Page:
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Police: We Were Not Warned YouTube Shooter Might Commit Violence


After news broke Tuesday afternoon that there was an active shooter at YouTube Headquarters in San Bruno, Calif. the theory was floated that Nasim Aghdam, 38, was there to kill an ex-boyfriend and that the four others she shot before taking her own life were just collateral damage.

Later on in the day, however, the story shifted from potentially angry jilted lover to angry YouTube content creator who had been missing for days, and whose family reported her missing and warned she was angry with the company.

The Mountain View Police Department released a lengthy statement on Facebook to speak about an interaction its officers had with Aghdam at 1:40 a.m. on the morning of the shooting.

Police said they found Aghdam sleeping in her car after running her plates and discovering that the vehicle belonged to a person who had been reported missing and “at risk” by her family on March 31, just days before.

Authorities said they spoke with Aghdam for around 20 minutes, and that “at no point” did she mention YouTube or indicate that she “planned to harm herself or others” when she was asked about this.

They also described her as “calm and cooperative.” Aghdam said that she was living out of her car as she looked for a job.

They said that they called Aghdam’s family to let them know she had been found and spoke with her father, Ismail Aghdam.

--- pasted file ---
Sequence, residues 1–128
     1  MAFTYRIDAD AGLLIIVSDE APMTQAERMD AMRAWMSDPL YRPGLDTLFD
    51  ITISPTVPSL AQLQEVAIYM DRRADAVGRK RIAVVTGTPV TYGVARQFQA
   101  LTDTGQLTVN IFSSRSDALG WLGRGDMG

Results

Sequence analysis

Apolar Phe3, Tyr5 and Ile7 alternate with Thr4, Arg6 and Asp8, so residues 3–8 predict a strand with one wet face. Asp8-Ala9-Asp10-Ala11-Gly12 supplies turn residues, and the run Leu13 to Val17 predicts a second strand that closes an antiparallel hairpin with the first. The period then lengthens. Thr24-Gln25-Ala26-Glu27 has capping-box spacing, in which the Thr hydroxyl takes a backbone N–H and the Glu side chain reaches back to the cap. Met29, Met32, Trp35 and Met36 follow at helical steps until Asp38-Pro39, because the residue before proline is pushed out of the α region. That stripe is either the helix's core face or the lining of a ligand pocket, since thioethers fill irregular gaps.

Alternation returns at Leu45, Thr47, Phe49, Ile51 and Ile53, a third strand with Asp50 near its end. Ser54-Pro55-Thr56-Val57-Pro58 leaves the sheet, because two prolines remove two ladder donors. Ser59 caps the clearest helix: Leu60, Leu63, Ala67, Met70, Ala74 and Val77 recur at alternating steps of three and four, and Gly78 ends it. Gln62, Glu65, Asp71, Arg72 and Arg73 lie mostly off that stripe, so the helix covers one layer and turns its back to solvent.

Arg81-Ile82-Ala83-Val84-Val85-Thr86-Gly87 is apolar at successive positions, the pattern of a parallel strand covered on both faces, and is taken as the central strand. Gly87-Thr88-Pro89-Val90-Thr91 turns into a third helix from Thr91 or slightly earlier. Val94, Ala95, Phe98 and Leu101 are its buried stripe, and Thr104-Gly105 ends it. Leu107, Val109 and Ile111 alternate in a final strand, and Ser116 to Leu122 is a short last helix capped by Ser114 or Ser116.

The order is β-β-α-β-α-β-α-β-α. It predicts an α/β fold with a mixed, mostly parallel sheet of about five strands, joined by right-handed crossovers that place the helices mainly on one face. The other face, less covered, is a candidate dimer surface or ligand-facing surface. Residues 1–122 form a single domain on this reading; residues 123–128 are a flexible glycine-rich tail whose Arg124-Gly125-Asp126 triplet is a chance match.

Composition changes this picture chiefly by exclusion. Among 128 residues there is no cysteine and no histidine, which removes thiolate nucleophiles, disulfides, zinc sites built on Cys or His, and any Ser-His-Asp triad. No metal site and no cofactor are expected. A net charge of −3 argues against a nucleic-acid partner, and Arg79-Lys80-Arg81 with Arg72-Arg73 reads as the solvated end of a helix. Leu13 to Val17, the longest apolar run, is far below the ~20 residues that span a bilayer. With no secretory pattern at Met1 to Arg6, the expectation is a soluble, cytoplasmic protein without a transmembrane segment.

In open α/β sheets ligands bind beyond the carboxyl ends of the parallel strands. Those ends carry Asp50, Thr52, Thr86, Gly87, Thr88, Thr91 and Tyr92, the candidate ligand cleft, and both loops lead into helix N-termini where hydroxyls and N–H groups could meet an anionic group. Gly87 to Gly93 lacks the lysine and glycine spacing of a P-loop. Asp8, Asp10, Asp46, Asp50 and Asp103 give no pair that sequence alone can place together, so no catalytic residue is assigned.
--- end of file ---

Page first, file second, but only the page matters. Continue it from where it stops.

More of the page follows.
“During that call,” police said, “we spoke with both the woman’s father and her brother. The father confirmed to us that the family had been having issues at home, but did not act in any way concerned about why his daughter had left.”

“At no point during that conversation did either Aghdam’s father or brother make any statements regarding the woman’s potential threat to, or a possible attack on, the YouTube campus,” they continued. “Also, there was no indication from either Aghdam or her family that she may have been in possession of any weapons.”

Police also said that Ismail Aghdam called back an hour later to say that she might be in the area because she was upset about something YouTube had done to her videos, but again said he did not seem concerned.

“Once again, at no point did her father or brother mention anything about potential acts of violence or a possibility of Aghdam lashing out as a result of her issues with her videos. They remained calm throughout this second phone call,” police said.

This statement comes in response to some who think the police may have dropped the ball in not taking the report of a threat seriously, largely based a story in The Mercury News.

[Screengrab via Twitter/Tina Patel]

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Matt Naham is the Senior A.M. Editor of Law&Crime.